Marx said that history does not repeat itself.
But sometimes, history does. This may be particularly true in the domain of economics and economic knowledge.
Economics is a complex subject. It is the study of a series of abstractions (markets, firms, governments) built upon abstractions (money) built upon abstractions (value), a great metaphysical muddle stacked up to the sky like a wobbly Jenga tower.
At a simpler level, economics is the study of human behaviour, or as von Mises put it, human action. Business cycles from the boom to the bust are a great cavalcade of individual human action and individual decisions. The sum of individual decisions manifests itself as the market. And the behaviour of the market informs future individual decisions, in a great self-reinforcing spiral of feedback.
The question of what the government should do in a bust is one particular realm where little progress has been made since the Great Depression. Indeed, perhaps future historians will refer to the current economic malaise as Great Depression II, given that in various polities including Britain and the eurozone the depth of the slump in gross domestic product has been greater and longer than that in the 1930s.
Why? Well, the urge to purge is strong. And I say that as a former austerian — someone who has done a good deal of urging for purging.
The logic goes that a crashed market is a sick market. A corrupted market. So let the sickness kill off the weakness. Let bad firms fail. Let the bad investments fuelled by false expectations fail. Let resources be reallocated from the unproductive to the productive. Then — through harsh market discipline — market participants will learn lessons that set the stage for abundant new economic growth. As Paul Krugman notes, Friedrich Hayek called for: “the most speedy and complete adaptation possible of the structure of production to the proportion between the demand for consumers’ goods and the demand for producers’ goods as determined by voluntary saving and spending.”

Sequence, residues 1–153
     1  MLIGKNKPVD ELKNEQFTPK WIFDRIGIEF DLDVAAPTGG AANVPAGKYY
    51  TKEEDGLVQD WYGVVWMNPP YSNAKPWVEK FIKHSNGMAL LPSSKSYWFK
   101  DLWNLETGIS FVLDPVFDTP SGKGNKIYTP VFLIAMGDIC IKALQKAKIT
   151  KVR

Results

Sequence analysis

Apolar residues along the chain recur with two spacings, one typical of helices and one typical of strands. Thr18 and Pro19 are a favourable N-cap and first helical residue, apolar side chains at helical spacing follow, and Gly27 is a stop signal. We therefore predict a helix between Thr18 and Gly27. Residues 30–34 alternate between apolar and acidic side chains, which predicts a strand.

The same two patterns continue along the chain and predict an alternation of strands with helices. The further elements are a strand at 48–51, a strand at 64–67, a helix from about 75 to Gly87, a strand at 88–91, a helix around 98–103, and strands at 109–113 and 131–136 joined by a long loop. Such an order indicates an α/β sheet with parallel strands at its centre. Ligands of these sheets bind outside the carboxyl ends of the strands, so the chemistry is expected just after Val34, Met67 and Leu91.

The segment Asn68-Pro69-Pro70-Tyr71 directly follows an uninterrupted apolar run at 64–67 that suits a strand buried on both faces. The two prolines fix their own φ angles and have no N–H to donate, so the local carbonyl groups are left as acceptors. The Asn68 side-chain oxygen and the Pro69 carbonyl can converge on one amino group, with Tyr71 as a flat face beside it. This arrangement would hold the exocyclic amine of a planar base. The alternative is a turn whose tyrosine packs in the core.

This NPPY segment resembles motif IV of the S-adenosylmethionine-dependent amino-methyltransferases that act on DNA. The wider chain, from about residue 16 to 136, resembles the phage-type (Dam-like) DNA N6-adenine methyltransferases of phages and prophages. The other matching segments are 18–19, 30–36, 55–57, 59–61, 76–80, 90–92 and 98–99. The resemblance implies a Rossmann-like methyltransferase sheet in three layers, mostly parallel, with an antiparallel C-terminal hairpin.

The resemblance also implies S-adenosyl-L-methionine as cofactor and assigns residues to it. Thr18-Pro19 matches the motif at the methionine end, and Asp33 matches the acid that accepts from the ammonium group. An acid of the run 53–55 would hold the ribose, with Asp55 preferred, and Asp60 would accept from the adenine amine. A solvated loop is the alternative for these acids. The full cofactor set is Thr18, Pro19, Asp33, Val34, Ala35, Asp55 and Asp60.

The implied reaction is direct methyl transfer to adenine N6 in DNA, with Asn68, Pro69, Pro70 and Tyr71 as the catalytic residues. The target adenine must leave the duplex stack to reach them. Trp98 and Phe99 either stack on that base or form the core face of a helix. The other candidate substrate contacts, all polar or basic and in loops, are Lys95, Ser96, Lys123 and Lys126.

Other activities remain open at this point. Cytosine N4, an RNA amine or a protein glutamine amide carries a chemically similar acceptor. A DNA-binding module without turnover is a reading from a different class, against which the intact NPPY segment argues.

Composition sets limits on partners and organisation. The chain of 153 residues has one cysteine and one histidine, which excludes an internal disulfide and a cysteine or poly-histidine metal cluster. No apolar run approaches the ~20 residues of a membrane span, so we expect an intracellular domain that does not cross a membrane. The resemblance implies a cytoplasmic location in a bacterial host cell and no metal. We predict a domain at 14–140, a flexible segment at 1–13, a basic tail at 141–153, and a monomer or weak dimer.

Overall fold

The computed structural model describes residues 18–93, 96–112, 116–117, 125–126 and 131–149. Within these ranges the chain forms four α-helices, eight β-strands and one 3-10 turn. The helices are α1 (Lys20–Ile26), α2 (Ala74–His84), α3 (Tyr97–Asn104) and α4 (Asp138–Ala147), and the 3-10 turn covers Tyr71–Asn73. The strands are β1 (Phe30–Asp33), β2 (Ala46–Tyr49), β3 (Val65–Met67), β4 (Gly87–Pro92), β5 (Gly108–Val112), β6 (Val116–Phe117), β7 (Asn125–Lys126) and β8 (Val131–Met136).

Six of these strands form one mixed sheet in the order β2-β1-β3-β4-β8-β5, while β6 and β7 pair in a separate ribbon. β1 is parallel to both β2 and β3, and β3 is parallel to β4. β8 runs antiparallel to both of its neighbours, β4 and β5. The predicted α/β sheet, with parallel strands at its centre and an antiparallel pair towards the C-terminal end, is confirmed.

It’s a simple call: no bailouts, no stimulus spending. In fact, cut government spending to balance the budget. Stop subsidising the unproductive. Let the voluntary market of savers, investors and spenders sort itself out.
The trouble is that it doesn’t really sort itself out. And we have a good deal of empirical evidence to back up that idea. The more austerity, the deeper the slump.
Lionel Robbins — who went on a similar journey away from austerianism, only eighty years earlier — reached this conclusion:
Whatever the genetic factors of the pre-1929 boom, their sequelae, in the sense of inappropriate investments fostered by wrong expectations, were completely swamped by vast deflationary forces sweeping away all those elements of constancy in the situation which otherwise might have provided a framework for an explanation in my terms. The theory was inadequate to the facts. Nor was this approach any more adequate as a guide to policy. Confronted with the freezing deflation of those days, the idea that the prime essential was the writing down of mistaken investments and the easing of capital markets by fostering the disposition to save and reducing the pressure on consumption was completely inappropriate.